Gennum NxZen Bluetooth headset
The last time we reviewed a Gennum Bluetooth headset, we weren't terribly impressed with what we saw. Though the Gennum Zen Bluetooth headset offered great sound quality, we didn't enjoy the cumbersome design and the uncomfortable fit. Fortunately, Gennum is back for another try, and this time we approve. In fact, it's as if we made a wish list in our previous review and Gennum followed it to the letter. The Gennum NxZen Bluetooth headset retains its predecessor's great sound quality but provides a more secure fit and a more stylish design. It retails for $149.
While the previous Gennum Bluetooth headset looked like something out of Star Trek, the NxZen has a more traditional Bluetooth headset form factor. We liked the sliver-and-black coloring and the rounded edges. Since the NxZen has no boom mic, it's also compact and lightweight, measuring just 2.25 inches long and weighing 0.6 ounce.
The Gennum NxZen Bluetooth headset can be worn two ways. The first is with a traditional ear hook that slips easily on and off. We were glad to see that the ear hook comes in two sizes, both of which are exceptionally flexible for fitting over almost any ear. It's simple to adjust the ear hook for wearing on either side of your head, but the hinge for doing so is rather stiff. You can also use the NxZen without the hook, as the earpiece protrudes slightly but not uncomfortably into your ear canal. Though you get a choice of four rubber tips for the earpiece, we preferred using the hook for the most secure, comfortable fit.
We felt somewhat divided about the Gennum NxZen's controls. The large, round button on the side of the headset powers it on and off and manages calls. For the latter function, you can also use the smaller "pinch" button located near the tip of the headset. This control also readies the headset for pairing, activates voice dialing (if your cell phone supports it), redials the most recent number, transfers calls between the headset and the phone, switches between calls (if your phone supports call waiting), and mutes the sound. While the round button was easy to manipulate during calls, the pinch button required more acclimation. Depending on the function you're trying to perform, you must press the button a certain length of time and listen for a certain number of beeps. We got the hang of it after a few minutes but only after closely scrutinizing the user manual. We also noted that the pinch button switches position depending on which side of the head you're wearing the NxZen. With the headset on your left ear, the control is on the bottom; with the headset on your right ear, the control is on top. The twin volume controls at the back of the NxZen were stiff, but we liked that you could switch their orientation so that the control for raising the volume always faced up. The final feature is a ring-shaped LED light to show the headset's status.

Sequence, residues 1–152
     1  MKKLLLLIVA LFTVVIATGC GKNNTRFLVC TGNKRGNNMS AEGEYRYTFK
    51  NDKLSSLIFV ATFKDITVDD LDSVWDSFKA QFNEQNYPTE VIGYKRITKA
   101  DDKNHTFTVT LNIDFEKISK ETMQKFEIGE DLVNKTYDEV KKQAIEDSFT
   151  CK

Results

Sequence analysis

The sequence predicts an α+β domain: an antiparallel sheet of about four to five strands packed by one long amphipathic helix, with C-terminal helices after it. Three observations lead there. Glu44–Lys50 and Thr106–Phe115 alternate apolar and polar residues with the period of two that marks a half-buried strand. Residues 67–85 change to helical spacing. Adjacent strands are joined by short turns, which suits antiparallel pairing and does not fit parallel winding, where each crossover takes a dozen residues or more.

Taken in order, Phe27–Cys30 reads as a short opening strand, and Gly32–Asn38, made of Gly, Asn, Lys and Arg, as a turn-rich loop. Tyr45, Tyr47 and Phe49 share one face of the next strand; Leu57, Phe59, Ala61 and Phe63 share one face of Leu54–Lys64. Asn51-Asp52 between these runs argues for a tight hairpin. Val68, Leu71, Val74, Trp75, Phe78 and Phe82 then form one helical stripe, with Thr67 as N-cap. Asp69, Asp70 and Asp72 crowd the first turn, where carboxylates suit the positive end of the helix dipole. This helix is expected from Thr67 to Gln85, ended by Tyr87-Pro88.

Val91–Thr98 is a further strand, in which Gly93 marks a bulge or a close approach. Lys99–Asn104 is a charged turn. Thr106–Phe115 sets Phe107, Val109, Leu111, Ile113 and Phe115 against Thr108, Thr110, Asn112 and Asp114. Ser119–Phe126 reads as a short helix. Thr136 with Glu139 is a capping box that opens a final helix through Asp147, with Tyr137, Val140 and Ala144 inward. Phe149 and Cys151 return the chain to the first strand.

We tested the Gennum NxZen with theand encountered no problems with the pairing process. Call quality was impressive, with good clarity and little static. The volume was somewhat low for our tastes, but it didn't diminish our overall experience. Callers also reported good quality on their end. They could tell we were using a headset, but that's not unusual. NxZen innovatively uses two microphones that pick up your voice and background noise. To help improve audio clarity, the background noise is then suppressed with a noise-cancellation feature. As a result, calls sounded great in windy conditions, on the street, and in a noisy building. An additional $10 gets you the Gennum NxZen Plus, which can connect to a Bluetooth MP3 player and comes with a single earbud cable for stereo sound. The NxZen has a rated talk time of 7 hours and a promised standby time of a little more than four days. Though the primary charger is large and clunky, you also get a USB cable for charging from a computer.